Photo of Lewis Burpee and his crew in 106 Squadron, taken on 18 January 1943, after a trip to Berlin. Left to right: Gordon Brady (Rear Gunner), Bill Long (Mid Upper Gunner), Guy Pegler (Flight Engineer), Lewis Burpee (Pilot), Edward Leavesley (Wireless Operator), George Goodings (Bomb Aimer). (Pic: Burpee family)
Plt Off L J Burpee DFM
Lancaster serial number: ED865/G
Call sign: AJ-S
Third wave. Crashed on outward flight.
Lewis Johnstone Burpee was born on 5 March 1918 in Ottawa, one of the three children of Lewis Arthur and Lilian Agnes Burpee. His father was the manager of Charles Ogilvy, a large department store in the city. He went to Elgin Street Public School and Lisgar Collegiate School in Ottawa, and then on to Queen’s University in Kingston, Ontario, where he got a degree in English, History and Politics. He was also a member of the college’s Officer Training Corps. When war came, he joined the RCAF, enlisting in December 1940.
Burpee qualified as a pilot in September 1941 and embarked for the UK shortly afterwards. It took about a year for him to start operations, since after training on Wellingtons, he was then sent for heavy bomber training. While training he crewed up first with fellow Canadian, air gunner Gordon Brady, and then with flight engineer, Guy Pegler. The three were finally posted to 106 Squadron in October 1942. Air gunner William Long joined his crew in December 1942. These four would fly together throughout their time in 106 Squadron and then transfer to 617 Squadron. The CO of 106 Squadron at this time was of course Guy Gibson.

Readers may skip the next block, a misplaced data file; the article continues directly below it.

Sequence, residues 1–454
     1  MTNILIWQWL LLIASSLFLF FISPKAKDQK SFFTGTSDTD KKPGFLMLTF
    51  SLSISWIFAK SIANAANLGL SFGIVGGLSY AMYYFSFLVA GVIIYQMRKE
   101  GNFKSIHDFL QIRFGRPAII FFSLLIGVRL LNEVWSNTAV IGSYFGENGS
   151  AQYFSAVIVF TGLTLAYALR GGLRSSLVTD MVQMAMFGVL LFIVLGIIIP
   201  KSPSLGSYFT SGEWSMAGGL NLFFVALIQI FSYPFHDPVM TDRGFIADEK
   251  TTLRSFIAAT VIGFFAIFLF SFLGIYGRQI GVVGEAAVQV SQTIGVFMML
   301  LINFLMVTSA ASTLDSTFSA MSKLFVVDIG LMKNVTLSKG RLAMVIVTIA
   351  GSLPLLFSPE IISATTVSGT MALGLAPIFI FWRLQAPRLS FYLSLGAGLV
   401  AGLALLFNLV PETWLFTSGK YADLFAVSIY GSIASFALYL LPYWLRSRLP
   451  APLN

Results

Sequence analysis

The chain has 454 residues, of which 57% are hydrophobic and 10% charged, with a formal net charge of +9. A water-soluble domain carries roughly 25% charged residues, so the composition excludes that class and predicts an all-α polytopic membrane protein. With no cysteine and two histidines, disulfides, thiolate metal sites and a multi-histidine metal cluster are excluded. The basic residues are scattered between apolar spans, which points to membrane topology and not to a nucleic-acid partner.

After three trips as a “second dickey” Burpee undertook his first trip as a captain on 7 November 1942 on a mission to bomb Genoa. This was abandoned, but his first successful operation was later that month. He went on to complete some 25 further operations and was recommended for the DFM. The citation stated:
He has consistently displayed the greatest determination in the execution of whatever tasks were allotted him. Berlin, Nuremburg, Stuttgart, Genoa and Turin are some of the many objectives he has attacked with satisfactory results and in recent weeks he has taken part in the highly successful raids on Lorient (aiming point photograph), St Nazaire and both of the Essen attacks. He also flew on the daylight attack against Milan in October 1942. Flight Sergeant Burpee has shown coolness and courage throughout his operational tour and has performed his duties conscientiously and efficiently.